Air Quality Awareness is Important During Wildfire Season

HELENA, Mont. (NMB) – As Montanans and visitors emerge from a year of the COVID-19 pandemic, summer travel around the state—including camping—is likely to increase. Summer also means wildfire season. Wildfire smoke can impact Montana’s air quality causing unhealthy air.

“It’s important to pay attention to air quality as you are traveling around the state this summer,” said DEQ Director Chris Dorrington. “Check air quality on DEQ’s Today’s Air website and take the necessary precautions whether you’re visiting or you’re lucky enough to call Montana home.”

Exposure to wildfire pollutants can irritate lungs, cause inflammation, alter immune function and increase susceptibility to respiratory infections, including COVID-19. Populations known to be vulnerable to wildfire smoke exposure include: children, senior citizens, pregnant women, people with chronic health conditions such as heart or lung disease—including asthma and diabetes—and outdoor workers. Other factors that may contribute to increased vulnerability include homelessness and limited access to medical care. Respiratory symptoms such as dry cough, sore throat and difficulty breathing are common to both wildfire smoke exposure. If you are experiencing severe symptoms, such as difficulty breathing or chest pain, you should seek prompt medical attention by calling 911 or calling ahead to the nearest emergency facility.

Wildfire smoke can affect Montana communities even where there are no wildfires in the immediate vicinity.

“It’s important to protect your lungs during wildfire season,” said DPHHS Director Adam Meier. “It’s especially important to pay attention to air quality and realize that conditions can change very quickly. Another important way to stay healthy this fire season is to avoid COVID-19. The best way to do that is to get the safe and effective COVID-19 vaccine. It’s readily available now all across Montana.”

For information about the COVID-19 vaccine, go to

For information about how to protect your health during wildfire season, go to

When air quality is unhealthy, state agencies encourage Montanans and visitors to consider the following tips to protect their health:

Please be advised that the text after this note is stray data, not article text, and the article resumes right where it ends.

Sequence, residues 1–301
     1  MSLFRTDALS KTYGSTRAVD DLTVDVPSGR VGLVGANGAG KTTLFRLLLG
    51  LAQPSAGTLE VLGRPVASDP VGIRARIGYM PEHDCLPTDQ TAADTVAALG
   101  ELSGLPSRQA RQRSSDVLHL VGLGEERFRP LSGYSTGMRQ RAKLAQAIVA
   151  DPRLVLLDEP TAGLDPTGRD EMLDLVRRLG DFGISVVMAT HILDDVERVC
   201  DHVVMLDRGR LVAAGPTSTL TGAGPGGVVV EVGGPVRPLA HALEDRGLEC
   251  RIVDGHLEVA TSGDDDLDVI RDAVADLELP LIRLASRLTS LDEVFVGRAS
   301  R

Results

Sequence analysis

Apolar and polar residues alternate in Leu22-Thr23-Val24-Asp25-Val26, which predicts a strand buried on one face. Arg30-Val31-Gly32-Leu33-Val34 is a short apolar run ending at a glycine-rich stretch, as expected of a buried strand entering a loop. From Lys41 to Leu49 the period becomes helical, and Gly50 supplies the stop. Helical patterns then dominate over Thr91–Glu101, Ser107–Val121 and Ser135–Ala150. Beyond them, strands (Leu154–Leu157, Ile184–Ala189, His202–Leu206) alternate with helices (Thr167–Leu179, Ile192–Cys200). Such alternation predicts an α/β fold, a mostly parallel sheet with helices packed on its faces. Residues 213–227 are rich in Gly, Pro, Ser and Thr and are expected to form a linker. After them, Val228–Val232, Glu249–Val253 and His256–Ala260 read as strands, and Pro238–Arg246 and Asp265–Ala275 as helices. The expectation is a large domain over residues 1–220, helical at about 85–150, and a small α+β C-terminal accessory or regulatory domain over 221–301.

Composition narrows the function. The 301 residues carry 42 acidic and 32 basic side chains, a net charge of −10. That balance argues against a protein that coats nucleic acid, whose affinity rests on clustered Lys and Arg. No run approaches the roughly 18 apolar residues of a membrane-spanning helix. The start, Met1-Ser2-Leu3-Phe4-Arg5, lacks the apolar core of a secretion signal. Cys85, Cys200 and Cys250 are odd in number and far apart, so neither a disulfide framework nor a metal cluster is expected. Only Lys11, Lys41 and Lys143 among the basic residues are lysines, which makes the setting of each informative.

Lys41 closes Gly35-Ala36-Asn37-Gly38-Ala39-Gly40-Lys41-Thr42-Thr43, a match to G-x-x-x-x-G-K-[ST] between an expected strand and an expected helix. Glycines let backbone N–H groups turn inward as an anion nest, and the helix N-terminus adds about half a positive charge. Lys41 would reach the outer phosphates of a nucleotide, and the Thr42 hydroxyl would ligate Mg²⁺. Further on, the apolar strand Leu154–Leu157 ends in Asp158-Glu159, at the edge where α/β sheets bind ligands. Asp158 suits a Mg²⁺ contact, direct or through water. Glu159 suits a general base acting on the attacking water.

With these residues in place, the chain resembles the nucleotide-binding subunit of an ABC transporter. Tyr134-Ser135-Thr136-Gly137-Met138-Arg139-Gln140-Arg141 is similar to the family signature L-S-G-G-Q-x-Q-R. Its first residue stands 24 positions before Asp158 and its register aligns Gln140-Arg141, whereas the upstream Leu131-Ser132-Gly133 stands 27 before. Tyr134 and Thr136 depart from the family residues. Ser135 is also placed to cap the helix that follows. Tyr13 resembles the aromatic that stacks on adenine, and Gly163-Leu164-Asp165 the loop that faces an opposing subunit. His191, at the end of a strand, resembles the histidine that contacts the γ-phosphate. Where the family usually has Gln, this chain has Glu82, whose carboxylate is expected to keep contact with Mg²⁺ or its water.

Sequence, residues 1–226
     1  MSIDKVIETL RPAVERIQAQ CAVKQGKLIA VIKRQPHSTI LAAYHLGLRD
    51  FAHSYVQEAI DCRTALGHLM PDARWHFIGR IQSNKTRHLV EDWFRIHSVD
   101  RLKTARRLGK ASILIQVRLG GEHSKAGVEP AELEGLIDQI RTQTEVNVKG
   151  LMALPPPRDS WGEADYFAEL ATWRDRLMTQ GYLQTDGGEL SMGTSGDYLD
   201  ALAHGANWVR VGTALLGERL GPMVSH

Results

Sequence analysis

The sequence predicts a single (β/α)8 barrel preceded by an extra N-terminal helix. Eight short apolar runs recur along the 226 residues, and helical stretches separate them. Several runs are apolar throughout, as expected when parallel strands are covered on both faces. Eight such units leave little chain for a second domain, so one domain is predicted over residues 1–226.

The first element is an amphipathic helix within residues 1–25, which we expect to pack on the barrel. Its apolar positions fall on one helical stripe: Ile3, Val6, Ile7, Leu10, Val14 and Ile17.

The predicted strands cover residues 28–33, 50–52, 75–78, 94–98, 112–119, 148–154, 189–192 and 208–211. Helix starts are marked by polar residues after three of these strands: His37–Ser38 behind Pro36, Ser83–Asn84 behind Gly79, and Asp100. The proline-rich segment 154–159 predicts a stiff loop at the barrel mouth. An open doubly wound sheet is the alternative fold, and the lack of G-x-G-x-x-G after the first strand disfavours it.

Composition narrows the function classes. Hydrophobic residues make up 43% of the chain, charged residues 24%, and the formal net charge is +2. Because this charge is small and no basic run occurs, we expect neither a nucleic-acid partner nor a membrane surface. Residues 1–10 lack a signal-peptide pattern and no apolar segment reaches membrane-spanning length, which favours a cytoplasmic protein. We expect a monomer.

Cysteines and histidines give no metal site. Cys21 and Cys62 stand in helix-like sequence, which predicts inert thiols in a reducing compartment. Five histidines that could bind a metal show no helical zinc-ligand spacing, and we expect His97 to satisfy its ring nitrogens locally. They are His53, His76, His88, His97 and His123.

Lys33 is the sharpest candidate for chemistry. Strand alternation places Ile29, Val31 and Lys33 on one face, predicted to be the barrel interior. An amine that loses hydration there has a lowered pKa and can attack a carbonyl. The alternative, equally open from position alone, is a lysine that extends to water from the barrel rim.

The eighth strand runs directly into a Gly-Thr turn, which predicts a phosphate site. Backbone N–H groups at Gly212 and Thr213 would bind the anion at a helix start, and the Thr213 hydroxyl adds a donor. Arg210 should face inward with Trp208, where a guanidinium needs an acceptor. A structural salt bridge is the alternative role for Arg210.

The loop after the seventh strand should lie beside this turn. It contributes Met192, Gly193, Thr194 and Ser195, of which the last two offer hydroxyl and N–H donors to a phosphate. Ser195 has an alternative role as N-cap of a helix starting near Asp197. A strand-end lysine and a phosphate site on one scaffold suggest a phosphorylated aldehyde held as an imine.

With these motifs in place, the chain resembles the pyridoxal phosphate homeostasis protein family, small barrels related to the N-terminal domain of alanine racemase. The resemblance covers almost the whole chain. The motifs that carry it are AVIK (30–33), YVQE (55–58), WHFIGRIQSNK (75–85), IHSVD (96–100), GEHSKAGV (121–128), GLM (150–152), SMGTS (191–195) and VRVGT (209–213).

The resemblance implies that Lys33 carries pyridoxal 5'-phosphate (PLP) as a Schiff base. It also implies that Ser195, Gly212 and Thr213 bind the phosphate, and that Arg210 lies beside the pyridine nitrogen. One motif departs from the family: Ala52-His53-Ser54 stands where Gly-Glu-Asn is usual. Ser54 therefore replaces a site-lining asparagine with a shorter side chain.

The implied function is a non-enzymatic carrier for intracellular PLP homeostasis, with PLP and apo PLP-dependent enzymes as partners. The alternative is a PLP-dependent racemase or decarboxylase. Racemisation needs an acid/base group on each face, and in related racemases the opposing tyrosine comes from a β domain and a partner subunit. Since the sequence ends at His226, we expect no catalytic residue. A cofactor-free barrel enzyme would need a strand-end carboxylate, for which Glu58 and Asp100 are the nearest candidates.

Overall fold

• Before heading outside for any physical activity, check for air quality updates and pay attention to any hazardous air quality advisories. Air quality information is updated regularly at:
  • When wildfires occur, continue to monitor DEQ’s site for changes in air quality.
  • An N95 respirator offers protection against wildfire smoke particulate matter when worn correctly to achieve a proper fit and seal. However, the use of filtering facepiece respirators can cause breathing issues for some individuals. For this reason, individuals with pre-existing medical conditions, such as heart or lung disease, should consult with their healthcare provider prior to respirator use. Respirators do not come in sizes suitable for children, so they are not effective at reducing wildfire smoke exposure for this population.
  • If the air quality is poor, limit outdoor activities and keep your indoor air clean by keeping all doors and windows shut and setting any air conditioning units to recirculate indoor air.
  • Consider using HEPA air cleaners indoors to reduce overall smoke exposure.
  • Pay attention to visibility. How far can you see in the distance? Looking at visibility can help estimate air quality.
  • Maintain an adequate supply of food and medication (more than five days).
  • If you have a chronic lung or heart condition, check with your health care providers before the fire season about precautions to take during smoke events.
  • Do not perform any activities that will add to indoor pollution.
  • Use the air recirculate feature in vehicles when possible.
  • If traveling, be aware of the air quality in the area and have a back-up plan.

This summer, DEQ will post smoke forecasts during times when smoke is causing air quality impacts. The forecasts will be posted to social media and can be viewed on: by clicking on the “Wildfire Smoke Outlook” link.

“The best way to mitigate smoke exposure and poor air quality is to prevent fires from occurring in the first place,” said DNRC Director Amanda Kaster. “Over 80% of wildland fires in Montana are human caused and these fires can put our homes, communities, and health at risk.”

It is important that we all take action to prevent wildfire starts when working and recreating outdoors. Here are a few simple ways to reduce your wildfire risk and limit the chances of smoke events occurring:

  • Avoid burning or conducting other activities that involve sparks or fire on hot, windy, or dry days.
  • Never leave a fire unattended, and ensure your campfire or burn is cold to the touch when you are finished.
  • Regularly maintain your vehicle and equipment and avoid driving or parking your vehicle and operating equipment near dry vegetation.
  • Report any unattended or uncontrolled fires to 9-1-1.

Through our collective action to prevent wildland fire starts, we can minimize the number and severity of smoke events this summer.

Knowing how to prevent wildfires and what to do in the event of a smoke event will prepare visitors and Montanans for a safe summer.

“We’re excited to welcome visitors to Montana this summer and want to make sure you have the information you need to plan a safe trip,” said Montana Department of Commerce Director Scott Osterman. “Wildfires are a natural part of summer in Montana and there is usually no reason to let them stop you from enjoying your Montana experience.”

Courtesy of the Department of Environmental Quality

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